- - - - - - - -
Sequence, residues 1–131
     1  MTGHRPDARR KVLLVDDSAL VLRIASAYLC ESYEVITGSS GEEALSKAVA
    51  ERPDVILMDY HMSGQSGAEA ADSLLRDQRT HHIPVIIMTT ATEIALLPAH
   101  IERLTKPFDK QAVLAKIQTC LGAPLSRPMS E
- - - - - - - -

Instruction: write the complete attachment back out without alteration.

Sequence, residues 1–131
     1  MTGHRPDARR KVLLVDDSAL VLRIASAYLC ESYEVITGSS GEEALSKAVA
    51  ERPDVILMDY HMSGQSGAEA ADSLLRDQRT HHIPVIIMTT ATEIALLPAH
   101  IERLTKPFDK QAVLAKIQTC LGAPLSRPMS E